AQUILLA, Texas (BP)–Baptist Men will have an “ongoing dialogue and relationship building commitment” with the Southern Baptists of Texas Convention following a unanimous vote of TBM board members Feb. 15 at Latham Springs Baptist Encampment near Aquilla. The request for a new fraternal relationship will be considered by SBTC’s executive board on April 3. If approved, Texas Baptist Men will become one of the many avenues available for the 1,258 SBTC churches to be active in missions initiatives.
TBM has been a self-governing affiliate of the Baptist General Convention of Texas since 1967 when only one state Baptist convention operated in the state. The organization provides many avenues for mission outreach by men from Southern Baptist churches, with disaster relief being the best known. Funding has come from the BGCT, TBM’s Forever Foundation and, most recently, designated gifts from SBTC churches sent through the newer state convention.
Following several years of dialogue regarding how the missions organization will relate to SBTC, TBM’s interim executive director, Leo Smith, told board members, “We have a document now that to me is of God and will allow us to do what our desire has always been, to just be Texas Baptist Men and have dotted line relationships with both sides.”
SBTC Executive Director Jim Richards told the Southern Baptist Texan newsjournal, “The Southern Baptists of Texas Convention is delighted that Texas Baptist Men want to provide missions services through an official relationship. Hopefully, together we can touch many lives for Jesus.”
The resolution and faith statement offered by Brian Goodland of Gordon underscores a commitment to assist Texas Baptist churches as they lead their men in a missions and ministry lifestyle as mandated in the Bible. The statement affirms the historicity of Scripture, describing it as God-breathed and points to the example of Jesus for TBM ministries that offer physical and spiritual relief.
TBM will continue their “unique affiliation and partnership” with BGCT, in addition to partnering with other state conventions in cooperation with the North American Mission Board and the International Mission Board of the SBC. The resolution further states that TBM will officially work with SBTC and its churches in a “mutually supportive relationship” and with all Texas Baptist associations.
“The BGCT does not control TBM and my understanding with SBTC is that they have no desire to control TBM,” Smith said, urging support for the motion. “Wouldn’t it be a marvelous statement of God if this was passed in a unanimous kind of way and we could be an organization that could walk hand in hand with the Baptists of Texas, doing ministry to the glory of God?” Smith asked, drawing “amens” from board members.
“I strongly suggest you accept this and you begin that walk and not look back, but just look forward to what God is going to do in the days ahead.” With no further discussion, board members unanimously approved the measure in a ballot vote.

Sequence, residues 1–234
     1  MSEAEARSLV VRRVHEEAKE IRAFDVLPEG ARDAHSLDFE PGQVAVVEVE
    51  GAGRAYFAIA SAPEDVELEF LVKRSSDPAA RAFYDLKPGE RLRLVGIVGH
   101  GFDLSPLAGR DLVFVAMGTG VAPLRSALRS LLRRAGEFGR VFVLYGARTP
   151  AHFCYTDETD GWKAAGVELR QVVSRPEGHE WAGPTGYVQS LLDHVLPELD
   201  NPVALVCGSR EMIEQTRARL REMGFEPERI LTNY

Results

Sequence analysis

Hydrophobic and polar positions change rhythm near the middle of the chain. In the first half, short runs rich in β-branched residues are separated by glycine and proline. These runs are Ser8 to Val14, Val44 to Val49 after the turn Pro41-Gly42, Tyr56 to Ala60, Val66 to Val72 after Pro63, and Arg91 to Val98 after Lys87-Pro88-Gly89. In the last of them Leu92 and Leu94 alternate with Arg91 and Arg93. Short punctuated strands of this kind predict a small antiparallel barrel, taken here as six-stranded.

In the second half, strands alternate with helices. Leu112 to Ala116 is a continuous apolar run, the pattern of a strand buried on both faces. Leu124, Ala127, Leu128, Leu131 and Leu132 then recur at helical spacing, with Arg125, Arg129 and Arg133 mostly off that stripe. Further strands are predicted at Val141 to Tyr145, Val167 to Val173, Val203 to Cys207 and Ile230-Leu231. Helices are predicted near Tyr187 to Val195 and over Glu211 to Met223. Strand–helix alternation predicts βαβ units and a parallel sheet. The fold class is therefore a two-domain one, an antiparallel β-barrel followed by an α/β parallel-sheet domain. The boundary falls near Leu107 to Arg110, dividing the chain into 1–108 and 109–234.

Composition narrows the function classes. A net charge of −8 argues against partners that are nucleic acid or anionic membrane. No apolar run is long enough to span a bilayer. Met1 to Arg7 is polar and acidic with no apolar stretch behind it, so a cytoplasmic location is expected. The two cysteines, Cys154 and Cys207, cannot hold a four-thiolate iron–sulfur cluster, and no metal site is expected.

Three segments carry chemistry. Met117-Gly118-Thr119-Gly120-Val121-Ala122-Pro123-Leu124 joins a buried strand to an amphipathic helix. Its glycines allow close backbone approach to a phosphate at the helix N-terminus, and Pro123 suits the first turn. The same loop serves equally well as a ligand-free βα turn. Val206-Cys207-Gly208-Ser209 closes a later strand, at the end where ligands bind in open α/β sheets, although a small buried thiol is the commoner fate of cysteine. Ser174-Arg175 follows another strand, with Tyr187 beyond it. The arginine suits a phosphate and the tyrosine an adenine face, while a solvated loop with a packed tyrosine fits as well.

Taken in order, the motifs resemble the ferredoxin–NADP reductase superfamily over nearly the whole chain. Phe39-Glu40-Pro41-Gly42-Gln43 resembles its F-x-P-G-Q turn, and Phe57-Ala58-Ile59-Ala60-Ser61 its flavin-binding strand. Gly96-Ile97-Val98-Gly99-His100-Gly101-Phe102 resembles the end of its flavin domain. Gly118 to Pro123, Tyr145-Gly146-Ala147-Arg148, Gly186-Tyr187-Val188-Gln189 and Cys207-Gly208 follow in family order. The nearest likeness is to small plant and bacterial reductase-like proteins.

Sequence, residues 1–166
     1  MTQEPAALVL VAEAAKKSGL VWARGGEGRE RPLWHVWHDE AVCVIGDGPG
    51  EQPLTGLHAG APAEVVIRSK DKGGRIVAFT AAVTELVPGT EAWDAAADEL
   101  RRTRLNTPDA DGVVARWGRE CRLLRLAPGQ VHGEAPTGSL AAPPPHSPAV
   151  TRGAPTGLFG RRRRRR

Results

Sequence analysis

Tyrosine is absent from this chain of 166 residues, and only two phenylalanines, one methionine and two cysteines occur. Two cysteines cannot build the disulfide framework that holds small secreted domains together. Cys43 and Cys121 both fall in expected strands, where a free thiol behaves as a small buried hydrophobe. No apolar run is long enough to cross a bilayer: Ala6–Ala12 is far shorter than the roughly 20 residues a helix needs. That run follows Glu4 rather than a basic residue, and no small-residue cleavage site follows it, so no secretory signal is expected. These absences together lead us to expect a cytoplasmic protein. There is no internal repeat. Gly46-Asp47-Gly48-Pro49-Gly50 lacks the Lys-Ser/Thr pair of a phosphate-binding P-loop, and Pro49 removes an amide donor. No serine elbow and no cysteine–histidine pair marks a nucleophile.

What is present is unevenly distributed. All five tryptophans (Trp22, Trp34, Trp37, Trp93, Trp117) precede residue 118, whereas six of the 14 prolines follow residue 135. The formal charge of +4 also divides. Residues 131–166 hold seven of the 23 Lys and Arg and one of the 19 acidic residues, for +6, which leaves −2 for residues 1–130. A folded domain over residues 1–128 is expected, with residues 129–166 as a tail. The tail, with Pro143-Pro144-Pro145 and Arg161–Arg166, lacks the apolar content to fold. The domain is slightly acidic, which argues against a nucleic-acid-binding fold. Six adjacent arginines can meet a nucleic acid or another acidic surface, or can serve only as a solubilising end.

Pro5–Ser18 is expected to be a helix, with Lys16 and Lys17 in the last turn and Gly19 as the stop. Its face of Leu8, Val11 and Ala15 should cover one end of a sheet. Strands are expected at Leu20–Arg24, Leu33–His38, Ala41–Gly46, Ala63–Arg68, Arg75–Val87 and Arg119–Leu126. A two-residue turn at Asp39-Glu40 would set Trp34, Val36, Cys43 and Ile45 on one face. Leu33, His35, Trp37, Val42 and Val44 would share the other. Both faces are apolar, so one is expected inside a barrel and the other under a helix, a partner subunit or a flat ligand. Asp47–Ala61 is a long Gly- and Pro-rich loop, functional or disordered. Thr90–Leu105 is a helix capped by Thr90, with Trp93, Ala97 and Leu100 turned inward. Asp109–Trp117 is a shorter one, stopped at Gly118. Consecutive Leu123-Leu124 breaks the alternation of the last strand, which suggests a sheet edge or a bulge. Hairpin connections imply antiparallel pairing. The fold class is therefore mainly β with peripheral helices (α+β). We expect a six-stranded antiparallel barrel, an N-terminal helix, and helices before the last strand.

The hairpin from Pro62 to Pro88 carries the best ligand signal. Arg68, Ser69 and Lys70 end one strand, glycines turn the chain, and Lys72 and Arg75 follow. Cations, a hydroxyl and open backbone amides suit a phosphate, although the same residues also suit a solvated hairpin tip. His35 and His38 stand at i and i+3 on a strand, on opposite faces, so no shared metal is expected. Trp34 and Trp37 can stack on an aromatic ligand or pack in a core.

TBM’s acting president, Andy Andreason, introduced the discussion with a poem decrying men who “persist in building walls who should be building bridges.” Having come to the meeting “very heavy-hearted,” he said, “I was thinking we were going to have division even within TBM. God just showed us that was not the case. We’re still his organization and we can still march down the road as one.”
Andreason told board members, “Jim Richards has read this and is very supportive of it. Charles Wade [BGCT’s executive director] has read this and is extremely supportive of it. So both the major conventions are supportive of this particular resolution,” discouraging any amendment to the language. “I think this permits us to go into every single church in the state to carry out the ministries God has called us to do.”
In 2000 Richards invited institutions built by Texas Baptists to establish fraternal relationships with the new state convention. Affirmation of a “high view of Scripture” and an official expression of a desire to work in partnership with SBTC were the conditions set forth.
The TBM board responded in 2001 by changing their bylaws to open membership to men in churches not affiliated with BGCT. However, they chose not to establish a formal relationship with any convention and did not acknowledge SBTC in any official way, preferring to honor a 33-year-old “gentlemen’s agreement” with BGCT.
The matter resurfaced a year later when a task force of former TBM presidents and retired staff proposed a resolution calling for a relationship with SBTC, using language that met SBTC’s conditions for a fraternal agreement. TBM board members approved that statement by a vote of 44-15. However, Smith, then-president of TBM, ruled that it was not in God’s timing due to a divided vote and set the vote aside.
In November of last year, SBTC hired Gibbie McMillan as missions services associate to develop a disaster response system and volunteer “builders” network, coordinate chaplaincy ministry in cooperation with the North American Mission Board and establish specialized men’s evangelism projects and fellowships relating to interest areas. McMillan also assists churches in providing Royal Ambassador training and other mission education for men and boys.
Speaking to the Feb. 15 meeting as interim executive director, Smith explained that because TBM is supported by funds from BGCT, he shared the proposed resolution with BGCT’s administrative committee where changes were suggested. Wade and Richards then discussed modifications to the final draft that would satisfy both parties.
“Our desire was to be able to walk with both of these conventions and be able to minister because we’re so entwined in all of our ministries with the men from all of the churches,” Smith said.